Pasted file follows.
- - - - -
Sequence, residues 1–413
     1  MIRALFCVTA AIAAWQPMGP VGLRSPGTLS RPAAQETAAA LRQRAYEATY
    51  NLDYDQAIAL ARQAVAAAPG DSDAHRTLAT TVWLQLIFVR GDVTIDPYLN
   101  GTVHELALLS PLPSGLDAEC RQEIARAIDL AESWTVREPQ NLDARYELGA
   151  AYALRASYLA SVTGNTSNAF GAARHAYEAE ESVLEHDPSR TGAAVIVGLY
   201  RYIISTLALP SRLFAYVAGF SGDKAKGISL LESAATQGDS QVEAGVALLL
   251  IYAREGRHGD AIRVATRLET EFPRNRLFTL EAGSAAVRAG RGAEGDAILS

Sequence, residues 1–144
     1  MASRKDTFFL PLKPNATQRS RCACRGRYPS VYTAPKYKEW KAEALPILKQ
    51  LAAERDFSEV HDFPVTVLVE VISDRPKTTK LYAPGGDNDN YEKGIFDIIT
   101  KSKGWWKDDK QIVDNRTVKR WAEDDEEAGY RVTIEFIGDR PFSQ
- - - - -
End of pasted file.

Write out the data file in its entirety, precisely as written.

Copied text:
Sequence, residues 1–413
     1  MIRALFCVTA AIAAWQPMGP VGLRSPGTLS RPAAQETAAA LRQRAYEATY
    51  NLDYDQAIAL ARQAVAAAPG DSDAHRTLAT TVWLQLIFVR GDVTIDPYLN
   101  GTVHELALLS PLPSGLDAEC RQEIARAIDL AESWTVREPQ NLDARYELGA
   151  AYALRASYLA SVTGNTSNAF GAARHAYEAE ESVLEHDPSR TGAAVIVGLY
   201  RYIISTLALP SRLFAYVAGF SGDKAKGISL LESAATQGDS QVEAGVALLL
   251  IYAREGRHGD AIRVATRLET EFPRNRLFTL EAGSAAVRAG RGAEGDAILS

Sequence, residues 1–144
     1  MASRKDTFFL PLKPNATQRS RCACRGRYPS VYTAPKYKEW KAEALPILKQ
    51  LAAERDFSEV HDFPVTVLVE VISDRPKTTK LYAPGGDNDN YEKGIFDIIT
   101  KSKGWWKDDK QIVDNRTVKR WAEDDEEAGY RVTIEFIGDR PFSQ